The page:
7-10K is too many people. It degrades the festival experience. And there seems to be some real questions about the respect you show to the brewers themselves. So that's great that you're raising money...it's certainly a good cause. But the festival is not fun. It's too crowded and there's nothing special about any of the available beers. It really has turned into a giant drunken d-bag party. Limit ticket sales. Respect the vendors. Make this festival fun again. Need some pointers? Check out how the Strong Beer Festival is run...it's a first-class operation all the way.

Anon
Anon

Davis, your festival sucks. First, you charge $40 dollars for 24 tickets or 24 ounces of beer. So I'm paying $10 per 12 ounce beer, not to mention the shot glasses are half filled with foam so its quite a bit less. Second, the majority of the beers you include are sold at your local Safeway, very few if any beers from local breweries in other states. Third you skip all of the major breweries in this state, Now this article explains why, you have been busy burning bridges, smart. Fourth, you charge $20 for designated drivers to go to the event. Really, why, for taking up 2 square feet at the park. The massages are bogus so don't mention that as the reason. People would much rather get in free. Fifth, the lines are horrible, but I guess you are too cheap hire more staff.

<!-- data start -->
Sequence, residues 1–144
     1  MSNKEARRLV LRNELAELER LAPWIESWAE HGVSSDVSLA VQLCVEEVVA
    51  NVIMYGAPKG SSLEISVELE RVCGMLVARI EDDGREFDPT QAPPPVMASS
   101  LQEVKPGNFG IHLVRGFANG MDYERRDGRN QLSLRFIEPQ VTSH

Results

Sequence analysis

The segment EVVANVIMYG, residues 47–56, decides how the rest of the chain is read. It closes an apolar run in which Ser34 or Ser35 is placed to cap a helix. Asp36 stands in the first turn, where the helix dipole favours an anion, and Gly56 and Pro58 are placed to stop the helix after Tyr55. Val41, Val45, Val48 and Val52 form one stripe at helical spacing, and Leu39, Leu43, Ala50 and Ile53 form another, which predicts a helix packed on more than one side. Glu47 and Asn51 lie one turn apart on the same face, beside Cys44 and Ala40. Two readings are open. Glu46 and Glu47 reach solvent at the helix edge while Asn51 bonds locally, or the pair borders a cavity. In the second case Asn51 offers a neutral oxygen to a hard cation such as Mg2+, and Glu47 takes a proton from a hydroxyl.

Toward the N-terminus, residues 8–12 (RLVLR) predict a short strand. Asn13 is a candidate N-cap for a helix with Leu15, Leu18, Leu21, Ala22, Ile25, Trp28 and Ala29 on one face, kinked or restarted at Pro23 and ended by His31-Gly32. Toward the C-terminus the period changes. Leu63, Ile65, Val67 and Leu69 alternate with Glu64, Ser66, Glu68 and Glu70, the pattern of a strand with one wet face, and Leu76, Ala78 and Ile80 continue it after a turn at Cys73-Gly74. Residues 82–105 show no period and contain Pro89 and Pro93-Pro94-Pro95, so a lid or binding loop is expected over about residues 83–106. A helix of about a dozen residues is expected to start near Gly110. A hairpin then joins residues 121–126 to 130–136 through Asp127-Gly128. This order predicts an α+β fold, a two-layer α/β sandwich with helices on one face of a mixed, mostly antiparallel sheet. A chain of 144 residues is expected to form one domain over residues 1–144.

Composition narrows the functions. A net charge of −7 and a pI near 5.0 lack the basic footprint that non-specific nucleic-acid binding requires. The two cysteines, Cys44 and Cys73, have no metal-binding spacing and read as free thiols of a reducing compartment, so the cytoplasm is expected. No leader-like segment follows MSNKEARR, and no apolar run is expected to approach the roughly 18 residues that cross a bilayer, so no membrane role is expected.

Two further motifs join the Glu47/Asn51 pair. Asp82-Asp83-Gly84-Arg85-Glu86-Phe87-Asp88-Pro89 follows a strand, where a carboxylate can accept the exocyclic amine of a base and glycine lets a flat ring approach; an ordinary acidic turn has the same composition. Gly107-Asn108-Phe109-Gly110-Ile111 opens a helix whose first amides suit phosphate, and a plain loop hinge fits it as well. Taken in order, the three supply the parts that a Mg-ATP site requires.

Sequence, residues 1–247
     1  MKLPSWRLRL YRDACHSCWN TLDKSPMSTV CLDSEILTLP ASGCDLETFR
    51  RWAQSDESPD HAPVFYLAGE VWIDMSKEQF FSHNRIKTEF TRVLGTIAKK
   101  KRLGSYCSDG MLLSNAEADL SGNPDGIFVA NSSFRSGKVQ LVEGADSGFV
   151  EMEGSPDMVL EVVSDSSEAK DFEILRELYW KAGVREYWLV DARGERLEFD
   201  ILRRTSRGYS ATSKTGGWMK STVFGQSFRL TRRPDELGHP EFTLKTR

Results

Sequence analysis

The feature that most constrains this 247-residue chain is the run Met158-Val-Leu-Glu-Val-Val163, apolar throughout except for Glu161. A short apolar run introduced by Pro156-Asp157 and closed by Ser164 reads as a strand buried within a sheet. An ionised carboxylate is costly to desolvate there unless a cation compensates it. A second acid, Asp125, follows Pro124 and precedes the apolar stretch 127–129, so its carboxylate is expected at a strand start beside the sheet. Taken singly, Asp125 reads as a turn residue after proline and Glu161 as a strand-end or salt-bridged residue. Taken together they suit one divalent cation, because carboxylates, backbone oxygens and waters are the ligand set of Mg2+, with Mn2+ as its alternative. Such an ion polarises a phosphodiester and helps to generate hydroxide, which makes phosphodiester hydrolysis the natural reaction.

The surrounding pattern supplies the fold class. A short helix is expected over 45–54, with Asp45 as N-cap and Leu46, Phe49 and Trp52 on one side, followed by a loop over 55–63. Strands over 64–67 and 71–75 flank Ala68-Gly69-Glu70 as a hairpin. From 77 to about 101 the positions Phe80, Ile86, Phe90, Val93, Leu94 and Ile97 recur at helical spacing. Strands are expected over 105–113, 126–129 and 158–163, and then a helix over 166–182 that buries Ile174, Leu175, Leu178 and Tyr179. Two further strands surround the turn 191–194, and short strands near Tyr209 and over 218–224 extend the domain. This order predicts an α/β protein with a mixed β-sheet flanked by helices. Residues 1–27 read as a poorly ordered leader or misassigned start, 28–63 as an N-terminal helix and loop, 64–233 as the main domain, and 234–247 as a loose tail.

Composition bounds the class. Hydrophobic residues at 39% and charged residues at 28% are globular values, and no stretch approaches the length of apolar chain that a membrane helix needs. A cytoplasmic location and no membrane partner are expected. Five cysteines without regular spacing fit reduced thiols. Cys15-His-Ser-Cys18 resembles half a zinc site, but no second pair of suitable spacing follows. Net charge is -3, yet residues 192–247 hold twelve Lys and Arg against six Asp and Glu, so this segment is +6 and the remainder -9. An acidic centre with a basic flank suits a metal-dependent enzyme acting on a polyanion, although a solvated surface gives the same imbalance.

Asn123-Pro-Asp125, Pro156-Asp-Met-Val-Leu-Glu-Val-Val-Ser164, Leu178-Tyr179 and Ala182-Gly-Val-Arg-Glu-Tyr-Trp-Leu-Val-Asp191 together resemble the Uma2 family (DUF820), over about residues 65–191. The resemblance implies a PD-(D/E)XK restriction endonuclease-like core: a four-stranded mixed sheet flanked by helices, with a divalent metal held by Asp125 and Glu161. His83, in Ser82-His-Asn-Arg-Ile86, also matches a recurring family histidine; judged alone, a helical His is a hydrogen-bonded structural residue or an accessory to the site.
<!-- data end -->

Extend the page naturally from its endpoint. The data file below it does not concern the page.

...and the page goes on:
I guess the moral of the story is you are nickel and diming and making your charity a little more money but burning goodwill. Frankly, I'd never listen to Sun Sounds now knowing the festival is associated with it. And as other festivals spring up you will get burned by the competition, so make your money quick while you can.

Matt-Sleepy Dog
Matt-Sleepy Dog

99% of all the beers served at festivals are available off the shelf. And those are usually the booths that have the longest lines. Everyone always wants something "new and different" and honestly that's what home brewing is for. The romance of running a brewery fades quick when the bills start showing up in the mailbox and these festivals take real time away from the business of brewing beer. Brewing up a large batch of "different" beer takes time and money away from the beers that are selling in distribution in a true micro-brewery. So if you all are true craft beer lovers and want to see your local breweries stick around, support the ones that do go to these events. We are doing it for you all, and not for personal profit because we donate all the beer and time. And I can tell you from experience that these festivals do very little to the bottom line of a brewery or put more butts in seats. The business side of of these events should be irrelevant to the beer drinking masses. Support your local breweries. ~Peace

Jeff Moriarty
Jeff Moriarty